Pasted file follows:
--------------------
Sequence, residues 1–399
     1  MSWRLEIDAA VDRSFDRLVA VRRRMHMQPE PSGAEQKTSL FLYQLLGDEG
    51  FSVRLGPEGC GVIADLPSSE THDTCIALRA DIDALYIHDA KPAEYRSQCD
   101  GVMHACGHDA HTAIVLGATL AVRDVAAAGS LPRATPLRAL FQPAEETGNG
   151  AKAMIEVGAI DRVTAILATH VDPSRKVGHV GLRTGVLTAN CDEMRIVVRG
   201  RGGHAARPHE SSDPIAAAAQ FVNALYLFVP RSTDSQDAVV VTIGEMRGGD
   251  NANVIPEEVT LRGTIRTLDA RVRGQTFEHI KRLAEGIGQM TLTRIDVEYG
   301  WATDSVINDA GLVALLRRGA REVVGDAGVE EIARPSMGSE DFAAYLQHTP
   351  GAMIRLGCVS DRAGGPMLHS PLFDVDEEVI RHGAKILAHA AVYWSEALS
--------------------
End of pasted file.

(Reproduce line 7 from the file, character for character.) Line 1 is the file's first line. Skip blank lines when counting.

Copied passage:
   251  NANVIPEEVT LRGTIRTLDA RVRGQTFEHI KRLAEGIGQM TLTRIDVEYG